- Plato mentioned in his
**479,001,600**is equal to \(12!\), and therefore the number of possible tone rows in the twelve-tone technique.**1,124,000,727,777,607,680,000**is a positive integer equal to \(22!\). It is notable in computer science for being the largest factorial number which can be represented exactly in the`double`

floating-point format (which has a 53-bit significand).- In the short scale, this number is written as 1 sextillion 124 quintillion 727 trillion 777 billion 607 million 680 thousand.
- In the long scale, this number is written as 1 trilliard 124 trillion 727 billion 777 milliard 607 million 680 thousand.

- 70! is the smallest factorial which is greater than googol, while 69! still has only 99 digits.
- One hundred factorial's decimal expansion is shown below.
- 93,326,215,443,944,152,681,699,238,856,266,700,490,715,968,264,381,621,468,592,963,895,217,599,993,229,915,608,941,463,976,156,518,286,253,697,920,827,223,758,251,185,210,916,864,000,000,000,000,000,000,000,000

- Lawrence Hollom calls 200! faxul.
- One thousand factorial is about 4.0238726007 × 10
^{2,567}. - Aarex Tiaokhiao has proposed the name Myriadbang for 10,000!.
- One million factorial is approximately 8.2639317 × 10
^{5,565,708}. - One billion factorial is approximately 1.57637137 × 10
^{8,565,705,531}.

## Variation Edit

Aalbert Torsius defines a variation on the factorial, where \(x!n = \prod^{x}_{i = 1} i!(n - 1) = 1!(n - 1) \cdot 2!(n - 1) \cdot \ldots \cdot x!(n - 1)\) and \(x!0 = x\).^{[5]}

\(x!n\) is pronounced "*n*th level factorial of *x*." \(x!1\) is simply the ordinary factorial and \(x!2\) is Sloane and Plouffe's superfactorial \(x\$\).

The special case \(x!x\) is a function known as the Torian.

## Pseudocode Edit

// Standard factorial functionfunctionfactorial(z):result:= 1forifrom1toz:result:=result*ireturnresult// Generalized factorial, using Lanczos approximation for gamma functiong:= 7coeffs:= [0.99999999999980993, 676.5203681218851, -1259.1392167224028, 771.32342877765313, -176.61502916214059, 12.507343278686905, -0.13857109526572012, 9.9843695780195716e-6, 1.5056327351493116e-7]functionfactorialReal(z):ag:=coeffs[0]forifrom1tog+ 1:ag:=ag+coeffs[i] / (z+i)zg:=z+g+ 0.5 return sqrt(2 *pi) *zg^{z + 0.5}*e^{-zg}*ag// Torsius' factorial extensionfunctionfactorialTorsius(z,x):ifx= 0:returnzifx= 1:returnfactorial(z)result:= 1forifrom1toz:result:=result*factorialTorsius(i,x- 1)returnresult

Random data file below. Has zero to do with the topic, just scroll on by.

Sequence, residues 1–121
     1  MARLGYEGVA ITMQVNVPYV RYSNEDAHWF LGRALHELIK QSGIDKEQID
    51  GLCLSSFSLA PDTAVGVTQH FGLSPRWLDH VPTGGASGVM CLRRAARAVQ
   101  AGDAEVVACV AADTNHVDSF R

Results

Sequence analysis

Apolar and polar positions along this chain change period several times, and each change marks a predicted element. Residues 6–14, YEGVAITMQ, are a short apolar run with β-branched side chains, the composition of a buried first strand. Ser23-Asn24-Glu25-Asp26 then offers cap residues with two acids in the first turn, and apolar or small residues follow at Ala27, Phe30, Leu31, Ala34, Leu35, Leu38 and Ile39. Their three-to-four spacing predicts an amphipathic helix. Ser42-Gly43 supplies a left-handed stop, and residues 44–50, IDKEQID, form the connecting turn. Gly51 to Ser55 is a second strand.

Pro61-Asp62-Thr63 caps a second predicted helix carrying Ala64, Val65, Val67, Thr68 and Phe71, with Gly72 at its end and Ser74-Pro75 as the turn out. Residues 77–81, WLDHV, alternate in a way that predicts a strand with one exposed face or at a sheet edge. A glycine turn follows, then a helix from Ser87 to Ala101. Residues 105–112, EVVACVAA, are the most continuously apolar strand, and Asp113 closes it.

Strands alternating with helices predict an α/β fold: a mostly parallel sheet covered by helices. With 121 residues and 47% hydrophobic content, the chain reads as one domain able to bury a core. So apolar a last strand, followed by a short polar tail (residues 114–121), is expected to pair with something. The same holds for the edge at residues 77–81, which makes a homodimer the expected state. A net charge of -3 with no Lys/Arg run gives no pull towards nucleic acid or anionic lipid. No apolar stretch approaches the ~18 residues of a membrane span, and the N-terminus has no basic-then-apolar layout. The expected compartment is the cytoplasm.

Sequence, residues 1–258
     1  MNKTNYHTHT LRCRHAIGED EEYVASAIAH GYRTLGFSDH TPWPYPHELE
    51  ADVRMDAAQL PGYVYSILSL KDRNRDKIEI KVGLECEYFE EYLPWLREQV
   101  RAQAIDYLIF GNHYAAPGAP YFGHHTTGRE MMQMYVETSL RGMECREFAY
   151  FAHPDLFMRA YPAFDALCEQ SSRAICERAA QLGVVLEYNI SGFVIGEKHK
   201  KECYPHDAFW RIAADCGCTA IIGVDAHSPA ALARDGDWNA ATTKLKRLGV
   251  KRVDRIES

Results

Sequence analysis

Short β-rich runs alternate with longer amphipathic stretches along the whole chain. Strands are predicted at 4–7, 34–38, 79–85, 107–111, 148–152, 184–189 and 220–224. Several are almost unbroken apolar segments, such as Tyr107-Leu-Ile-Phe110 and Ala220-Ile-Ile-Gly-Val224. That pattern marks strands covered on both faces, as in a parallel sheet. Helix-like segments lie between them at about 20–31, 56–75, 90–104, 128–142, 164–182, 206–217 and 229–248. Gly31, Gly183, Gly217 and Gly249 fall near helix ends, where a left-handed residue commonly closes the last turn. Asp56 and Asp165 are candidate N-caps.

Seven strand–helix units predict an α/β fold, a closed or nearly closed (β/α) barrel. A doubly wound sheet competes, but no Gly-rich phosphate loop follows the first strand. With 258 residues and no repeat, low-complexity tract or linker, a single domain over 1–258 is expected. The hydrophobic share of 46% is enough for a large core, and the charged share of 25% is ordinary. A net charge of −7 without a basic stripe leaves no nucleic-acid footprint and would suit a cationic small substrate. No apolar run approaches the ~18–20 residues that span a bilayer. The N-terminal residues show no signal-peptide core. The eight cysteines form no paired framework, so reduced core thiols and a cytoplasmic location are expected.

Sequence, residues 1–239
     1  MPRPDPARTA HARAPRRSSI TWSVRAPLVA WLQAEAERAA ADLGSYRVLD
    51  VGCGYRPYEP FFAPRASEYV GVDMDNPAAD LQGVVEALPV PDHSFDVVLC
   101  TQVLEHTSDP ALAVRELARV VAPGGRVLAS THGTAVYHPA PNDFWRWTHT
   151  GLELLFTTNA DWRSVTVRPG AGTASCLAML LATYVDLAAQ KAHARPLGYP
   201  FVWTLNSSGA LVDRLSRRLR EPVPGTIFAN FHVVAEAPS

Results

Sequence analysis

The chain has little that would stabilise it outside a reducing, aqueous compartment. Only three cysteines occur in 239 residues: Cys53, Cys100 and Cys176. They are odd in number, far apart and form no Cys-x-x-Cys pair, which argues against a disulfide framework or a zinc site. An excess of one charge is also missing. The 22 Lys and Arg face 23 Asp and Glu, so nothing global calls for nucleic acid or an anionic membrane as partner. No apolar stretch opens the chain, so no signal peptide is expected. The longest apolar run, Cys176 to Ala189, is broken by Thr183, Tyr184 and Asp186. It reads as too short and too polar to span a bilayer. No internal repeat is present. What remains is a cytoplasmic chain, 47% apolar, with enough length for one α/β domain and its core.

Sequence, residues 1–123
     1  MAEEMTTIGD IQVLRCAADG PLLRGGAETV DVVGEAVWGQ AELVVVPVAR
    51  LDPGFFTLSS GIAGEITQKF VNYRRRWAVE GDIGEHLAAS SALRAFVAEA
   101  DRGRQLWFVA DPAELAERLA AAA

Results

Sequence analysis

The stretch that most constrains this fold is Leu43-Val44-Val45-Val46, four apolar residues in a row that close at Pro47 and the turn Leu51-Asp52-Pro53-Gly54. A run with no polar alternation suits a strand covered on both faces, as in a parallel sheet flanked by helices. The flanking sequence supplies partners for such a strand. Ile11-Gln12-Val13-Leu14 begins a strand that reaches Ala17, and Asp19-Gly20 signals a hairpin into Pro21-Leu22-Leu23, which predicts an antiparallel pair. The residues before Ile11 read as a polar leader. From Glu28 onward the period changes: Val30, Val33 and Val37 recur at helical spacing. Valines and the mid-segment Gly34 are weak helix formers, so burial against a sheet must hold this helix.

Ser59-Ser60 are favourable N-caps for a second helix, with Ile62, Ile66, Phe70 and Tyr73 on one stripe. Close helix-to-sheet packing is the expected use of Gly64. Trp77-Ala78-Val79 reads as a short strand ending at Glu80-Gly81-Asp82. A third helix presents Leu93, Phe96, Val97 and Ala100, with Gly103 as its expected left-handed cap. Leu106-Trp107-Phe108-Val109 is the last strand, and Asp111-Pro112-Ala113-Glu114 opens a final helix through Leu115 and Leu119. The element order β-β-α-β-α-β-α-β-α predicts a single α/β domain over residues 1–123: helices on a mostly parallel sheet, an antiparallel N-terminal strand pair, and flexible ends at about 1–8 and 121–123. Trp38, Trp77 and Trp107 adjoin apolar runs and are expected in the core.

## Sources Edit

- ↑ Factorial from Wolfram MathWorld
- ↑ Factorials from PurpleMath
- ↑ Factorials and Trailing Zeroes from PurpleMath
- ↑ https://www.wolframalpha.com/input/?i=154
- ↑ [1]

## See also Edit

**Factorials**

**Factorial**

**Multifactorials:**Double factorial · Multifactorial

**Falling and rising:**Falling factorial · Rising factorial

**Other mathematical variants:**Alternating factorial · Hyperfactorial · q-factorial · Roman factorial · Subfactorial · Weak factorial · Primorial · Compositorial · Semiprimorial

**Tetrational growth:**Exponential factorial · Expostfacto function · Superfactorial by Clifford Pickover

**Array-based extensions:**Hyperfactorial array notation · Nested factorial notation

**Other googological variants:**· Superfactorial by Sloane and Plouffe · Torian · Factorexation · Mixed factorial · Bouncing Factorial

**By Harvey Friedman:** Mythical tree problem · Friedman's vector reduction problem · Friedman's finite ordered tree problem · block subsequence theorem n(4) · Friedman's circle theorem · TREE sequence TREE(3) · subcubic graph number SCG(13) · transcendental integer · finite promise games · Friedman's finite trees · Greedy clique sequence**Hydras:** Kirby-Paris · Beklemishev's worms · Buchholz**Miscellaneous:** **Factorial** · Folkman's number · Exploding Tree Function · Graham's number · fusible number · Goodstein function · Laver table